Tag Archives: snow plow

Why Does A Plow Truck Need Ballast And How Can You Easily Build A Ballast Box?

Ok, quick post today. I’m getting ready for Winter here in Michigan and that includes getting my 2021 Ram 2500 Tradesman and 8′ Western Pro Plow 2 ready. Which, by the way, is why you are seeing a bunch of truck posts vs. firearm posts right now. At any rate, last year was my first year plowing with the truck and plow and knew I needed a better solution for holding the ballast weight. That’s the topic for today’s blog post.

What is ballast for a snow plow and why does it need it?

Simply put, ballast is weight that you add at the far back of your truck to balance the weight of the plow in the front and improve traction. Now I like Western plows but if you want a really good explanation of what ballast is and how to use with graphics, click on this link to Boss Plows. Western has one but it’s not as good in my honest opinion.

The important thing that the Boss page explains very well with the diagram is that ballast goes all the way to the rear behind the rear axle and not in front of it or on top of it. Just imagine a long lever arm – by adding weight to the far back, you are levering up the front and offsetting the weight of the entire plow bolted on to the front of your truck.

It does help to understand how much ballast you need and it’s not necessarily the same weight as the plow. A lot of factors go into the calculation. Again, I use a Western plow so I use their Quick Match web page to calculate how much ballast I need and it’s 240 pounds. I do add a bit for more weight to improve traction as well but that is the minimum I need.

What material to use for ballast? I like sand

When I bought my RAM, I looked in the bed and there are very shallow pressed indents on the left and right side to secure the ballast. Ideally they would be deeper so you could drop a 2×6 or 2×8 in there to hold your ballast. I like to use the 60 pound tubes of sand that you can buy. First off they are a great source of dense weight – meaning you get a lot of weight for the volume they take up and second, if I get stuck on ice or need more traction on ice pulling something, I can cut open a tube and use the sand for traction. This is why I don’t use something like steel or lead back there. Back in the day, my dad used clay cat litter bags for the weight and in case traction was needed. He’d use the bags over the summer for our cats’ litter boxes and then buy any new bags he needed in the fall. He pulled my sister’s Tercel out of a lake after spreading the cat litter all over the icy road behind the tires of his 81 Bronco — it definitely works but we don’t have cats so I just use sand.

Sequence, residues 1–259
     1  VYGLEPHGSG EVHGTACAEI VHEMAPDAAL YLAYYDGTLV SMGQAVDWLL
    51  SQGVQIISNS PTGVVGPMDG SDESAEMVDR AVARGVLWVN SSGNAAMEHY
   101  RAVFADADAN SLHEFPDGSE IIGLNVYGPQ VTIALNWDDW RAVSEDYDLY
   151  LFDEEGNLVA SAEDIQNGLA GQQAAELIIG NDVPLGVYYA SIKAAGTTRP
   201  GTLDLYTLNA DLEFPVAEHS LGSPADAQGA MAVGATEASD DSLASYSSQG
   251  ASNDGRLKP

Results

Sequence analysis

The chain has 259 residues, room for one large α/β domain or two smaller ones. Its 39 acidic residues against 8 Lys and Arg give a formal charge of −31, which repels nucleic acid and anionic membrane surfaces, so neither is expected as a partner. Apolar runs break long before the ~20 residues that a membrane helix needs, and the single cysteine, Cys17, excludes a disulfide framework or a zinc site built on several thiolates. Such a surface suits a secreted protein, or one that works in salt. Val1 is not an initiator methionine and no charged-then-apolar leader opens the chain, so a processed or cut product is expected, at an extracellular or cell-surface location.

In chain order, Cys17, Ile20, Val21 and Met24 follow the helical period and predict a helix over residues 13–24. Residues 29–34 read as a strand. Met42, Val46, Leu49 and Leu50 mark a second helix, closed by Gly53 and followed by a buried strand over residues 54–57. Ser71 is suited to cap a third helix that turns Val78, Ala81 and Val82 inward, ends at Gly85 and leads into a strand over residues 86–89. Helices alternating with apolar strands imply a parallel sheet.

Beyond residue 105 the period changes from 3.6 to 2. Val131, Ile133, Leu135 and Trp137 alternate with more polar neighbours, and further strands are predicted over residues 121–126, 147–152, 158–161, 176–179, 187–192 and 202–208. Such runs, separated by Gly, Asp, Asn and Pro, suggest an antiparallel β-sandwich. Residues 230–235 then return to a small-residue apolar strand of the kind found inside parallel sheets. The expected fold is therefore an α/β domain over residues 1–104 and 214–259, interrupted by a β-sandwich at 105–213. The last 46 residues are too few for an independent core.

By the way, a Quickrete 60 pound tube of sand is $5.37 as of my writing this. It’s definitely affordable. By the way, I like Quikrete because they know guys are using this for weight and put it in a durable woven bag that holds up.

Why build a box?

Simply put ballast is in the way and can be a pain in the butt to work around. Last year, I put the four tubes of sand and 100 pounds of old weight lifting plates in a way too tall plastic tote. That turned out to be a mistake. First off, the tote was way too tall and made getting things into and out of the bed a headache. Second, even though I strapped it to the tie downs using a ratchet strap and a board on top, there are limits to how tight you can strap down the load. I had a couple of times last Winter where I stopped fast and the very heavy ballast tote slid forward – that is not good. You certainly do not want a ballast to come flying at the cab during an accident. Bottom like, the plastic tote box was a bad idea.

This was a very bad idea. The plastic wasn’t strong enough and a few times it still slid forward last year. Also, it was way too high and in the way. I was in a rush and bought this tote at Home Depot. It’s a fine tote but don’t try to use it or something like it told hold ballast. It will move on you.

Solution: Make a box out of 3/4″ plywood

I did some digging and there really weren’t any ballast solutions out there that I cared for because I wanted something very strong, with minimal height that could also be walked on, stacked on, etc.

I decided to make a very stout box and it all started with understanding the dimensions I had to work with.

This is about 19.5×60 – I only went back as far as my floor mat plus didn’t want any box latches to hit the tailgate. I decided to only do 19″ deep and about 57-59″ wide. The box would be held down by a ratchet strap.